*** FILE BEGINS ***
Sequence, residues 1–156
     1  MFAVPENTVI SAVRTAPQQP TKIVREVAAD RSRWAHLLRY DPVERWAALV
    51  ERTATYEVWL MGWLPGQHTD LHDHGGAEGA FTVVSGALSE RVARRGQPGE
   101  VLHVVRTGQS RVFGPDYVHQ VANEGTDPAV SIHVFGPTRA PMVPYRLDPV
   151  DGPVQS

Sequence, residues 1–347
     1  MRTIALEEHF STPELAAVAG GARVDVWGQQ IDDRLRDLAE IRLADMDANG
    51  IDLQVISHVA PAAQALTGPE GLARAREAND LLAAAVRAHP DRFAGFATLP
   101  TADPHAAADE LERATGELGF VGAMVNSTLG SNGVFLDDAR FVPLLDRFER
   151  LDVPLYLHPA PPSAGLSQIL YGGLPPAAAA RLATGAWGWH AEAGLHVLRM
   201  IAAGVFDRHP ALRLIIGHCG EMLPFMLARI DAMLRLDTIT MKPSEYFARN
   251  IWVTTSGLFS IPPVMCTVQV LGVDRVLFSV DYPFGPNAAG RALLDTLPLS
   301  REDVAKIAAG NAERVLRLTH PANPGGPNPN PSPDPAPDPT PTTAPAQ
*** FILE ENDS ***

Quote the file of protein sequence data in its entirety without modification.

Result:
Sequence, residues 1–156
     1  MFAVPENTVI SAVRTAPQQP TKIVREVAAD RSRWAHLLRY DPVERWAALV
    51  ERTATYEVWL MGWLPGQHTD LHDHGGAEGA FTVVSGALSE RVARRGQPGE
   101  VLHVVRTGQS RVFGPDYVHQ VANEGTDPAV SIHVFGPTRA PMVPYRLDPV
   151  DGPVQS

Sequence, residues 1–347
     1  MRTIALEEHF STPELAAVAG GARVDVWGQQ IDDRLRDLAE IRLADMDANG
    51  IDLQVISHVA PAAQALTGPE GLARAREAND LLAAAVRAHP DRFAGFATLP
   101  TADPHAAADE LERATGELGF VGAMVNSTLG SNGVFLDDAR FVPLLDRFER
   151  LDVPLYLHPA PPSAGLSQIL YGGLPPAAAA RLATGAWGWH AEAGLHVLRM
   201  IAAGVFDRHP ALRLIIGHCG EMLPFMLARI DAMLRLDTIT MKPSEYFARN
   251  IWVTTSGLFS IPPVMCTVQV LGVDRVLFSV DYPFGPNAAG RALLDTLPLS
   301  REDVAKIAAG NAERVLRLTH PANPGGPNPN PSPDPAPDPT PTTAPAQ